United Way Chili Cook-Off returns for 25th year

Michael Rosenzweig spent more than a day cooking his chili recipe. The Duluth Huskies owner explained that for the team’s inaugural entry into the Head of the Lakes United Way Chili Cook-Off, he wanted to make his own personal chili. His recipe calls for lots of garlic and onion with some beans and pepperoni, which adds “a nice flavor” to the beef; he cooks it slow and steady, he explained. The chili isn’t too spicy and people can try something else afterward without feeling like their mouths are too numb from the spice — although some people like that spiciness, he acknowledged.

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“That’s not the way I make chili. I wasn’t brought up on that kind of chili. The garlic and onions, you can never have too much of,” he said at his chili booth at the Duluth Entertainment Convention Center on Thursday.

In recent years the baseball organization has made an effort to be out in the community more often, and signing up for the chili cook-off is part of giving back, he said. Team members have attended the event in previous years to eat the chili, and after a fun first time providing their own chili this year, they’re already looking forward to returning next year, he said.

“There’s so many great people who work so hard and here’s one of them right here. Taire does an outstanding job,” Rosenzweig said, motioning to United Way’s event planner Taire Lind Suliin standing next to him.

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Lind Suliin has been around since the inception of the event 25 years ago, first as a volunteer and now as a United Way employee. She’s worked for United Way for the past five years, but has volunteered for the organization and others like it in the community for years.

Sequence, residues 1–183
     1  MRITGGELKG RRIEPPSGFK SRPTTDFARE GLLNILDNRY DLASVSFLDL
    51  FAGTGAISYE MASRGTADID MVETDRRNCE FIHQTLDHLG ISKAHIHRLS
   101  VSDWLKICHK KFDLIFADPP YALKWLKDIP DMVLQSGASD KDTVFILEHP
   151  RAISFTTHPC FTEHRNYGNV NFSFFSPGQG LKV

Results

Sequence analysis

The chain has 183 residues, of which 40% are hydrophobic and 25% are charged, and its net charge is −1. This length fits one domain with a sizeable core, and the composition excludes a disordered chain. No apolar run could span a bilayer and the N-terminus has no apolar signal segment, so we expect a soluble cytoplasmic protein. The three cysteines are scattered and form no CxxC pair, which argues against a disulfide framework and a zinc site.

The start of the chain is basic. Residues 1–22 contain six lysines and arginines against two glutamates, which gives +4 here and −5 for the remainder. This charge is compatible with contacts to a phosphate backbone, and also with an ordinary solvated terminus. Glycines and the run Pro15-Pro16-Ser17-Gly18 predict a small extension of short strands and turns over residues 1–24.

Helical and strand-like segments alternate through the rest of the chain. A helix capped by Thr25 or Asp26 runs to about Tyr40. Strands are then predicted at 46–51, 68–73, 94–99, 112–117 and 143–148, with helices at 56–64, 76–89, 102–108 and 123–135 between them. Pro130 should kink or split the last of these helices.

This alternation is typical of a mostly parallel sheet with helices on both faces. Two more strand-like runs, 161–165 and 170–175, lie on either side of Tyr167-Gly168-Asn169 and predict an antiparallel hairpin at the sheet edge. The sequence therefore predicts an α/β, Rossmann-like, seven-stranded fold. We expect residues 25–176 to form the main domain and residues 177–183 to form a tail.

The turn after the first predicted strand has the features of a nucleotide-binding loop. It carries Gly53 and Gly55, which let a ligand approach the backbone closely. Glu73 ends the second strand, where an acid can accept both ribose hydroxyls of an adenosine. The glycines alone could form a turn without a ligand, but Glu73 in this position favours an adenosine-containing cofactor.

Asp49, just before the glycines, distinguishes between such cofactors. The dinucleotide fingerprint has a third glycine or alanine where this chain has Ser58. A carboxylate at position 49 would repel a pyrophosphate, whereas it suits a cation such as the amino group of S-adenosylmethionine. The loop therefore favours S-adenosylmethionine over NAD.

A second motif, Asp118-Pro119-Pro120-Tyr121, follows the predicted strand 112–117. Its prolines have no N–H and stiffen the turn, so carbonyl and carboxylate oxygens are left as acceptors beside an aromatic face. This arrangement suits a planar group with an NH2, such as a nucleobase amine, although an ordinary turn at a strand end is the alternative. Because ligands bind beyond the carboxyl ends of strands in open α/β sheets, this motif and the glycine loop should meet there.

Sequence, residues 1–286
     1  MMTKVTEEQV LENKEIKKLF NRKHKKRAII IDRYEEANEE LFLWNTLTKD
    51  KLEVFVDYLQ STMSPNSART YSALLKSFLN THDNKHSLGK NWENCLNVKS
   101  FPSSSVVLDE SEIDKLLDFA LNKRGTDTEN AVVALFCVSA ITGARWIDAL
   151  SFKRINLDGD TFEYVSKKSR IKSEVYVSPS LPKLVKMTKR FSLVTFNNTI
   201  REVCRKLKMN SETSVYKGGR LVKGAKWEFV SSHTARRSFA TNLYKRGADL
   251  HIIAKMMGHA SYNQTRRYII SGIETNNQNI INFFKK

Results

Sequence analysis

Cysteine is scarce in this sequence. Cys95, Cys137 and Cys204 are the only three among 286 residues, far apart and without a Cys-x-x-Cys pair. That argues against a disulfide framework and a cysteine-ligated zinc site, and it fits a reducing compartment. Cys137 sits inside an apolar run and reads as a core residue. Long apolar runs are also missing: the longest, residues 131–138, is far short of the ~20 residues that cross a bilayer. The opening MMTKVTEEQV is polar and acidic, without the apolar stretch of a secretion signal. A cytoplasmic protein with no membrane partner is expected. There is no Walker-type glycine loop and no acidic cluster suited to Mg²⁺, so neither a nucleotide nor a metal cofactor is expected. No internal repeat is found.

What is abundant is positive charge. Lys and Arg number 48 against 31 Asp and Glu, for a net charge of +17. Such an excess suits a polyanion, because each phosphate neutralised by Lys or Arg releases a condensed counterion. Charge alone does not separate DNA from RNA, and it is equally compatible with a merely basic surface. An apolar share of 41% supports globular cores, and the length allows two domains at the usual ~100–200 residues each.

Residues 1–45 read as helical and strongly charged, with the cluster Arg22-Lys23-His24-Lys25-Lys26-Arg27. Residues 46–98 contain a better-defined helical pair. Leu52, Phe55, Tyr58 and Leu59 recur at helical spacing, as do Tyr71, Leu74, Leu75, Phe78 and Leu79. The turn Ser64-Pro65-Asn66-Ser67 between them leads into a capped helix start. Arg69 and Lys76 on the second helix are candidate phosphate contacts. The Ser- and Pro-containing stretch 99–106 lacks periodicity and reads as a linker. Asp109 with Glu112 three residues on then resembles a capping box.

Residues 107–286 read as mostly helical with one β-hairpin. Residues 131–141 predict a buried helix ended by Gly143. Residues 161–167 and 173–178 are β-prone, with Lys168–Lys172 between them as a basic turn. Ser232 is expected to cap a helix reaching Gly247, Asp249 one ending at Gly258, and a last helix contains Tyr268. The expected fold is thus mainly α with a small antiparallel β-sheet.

“I really think that some people really have been born to have the inspiration to help others and I think that I can see the gifts that I give back in my time, my talent and my advocacy come full circle,” she said.

Lind Suliin became involved with the chili event when her former coworker went to work for United Way and wanted help in organizing a chili competition. Her task as a volunteer was to find sponsors and work the contestant check-in, so she became acquainted with a lot of the chili contestants who compete every year, she said.

There were 32 contestants competing in this year’s chili cook-off, including three vegetarian chili options. All of the previous winners returned to compete this year, she said. The judges are a mix of food industry professionals and community members, and there is a People’s Choice award so everyone attending can have their opinion heard.

Minnesota Power took first place in the amateur division and won the People’s Choice award on Thursday. Whole Foods Co-op won the Spicy Spirit award. Valentini’s and Lutheran Social Services partnered up and won the professional division, along with the Most Unique award for “saltimbocca” chili. Fitger’s Brewhouse won the vegetarian division. Little Angie’s Cantina and Grill won the Hottest But Edible award.

The chili cook-off is a kick-off for the United Way’s financial campaign and proceeds from Thursday’s event stay local through the Head of the Lakes United Way, she explained. The chili event includes an expo for the agencies that benefit from United Way.

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A lot of volunteer work goes into the chili cook-off, she said.

“We have a whole range of people that this is something that they do because sometimes people can’t give a lot of money, but they can give their time and talents and they can advocate for us year-round by sending us volunteers or by coming to events like this, so it’s really important,” she said.

Written by Lisa Kaczke as published in the Duluth News Tribune.

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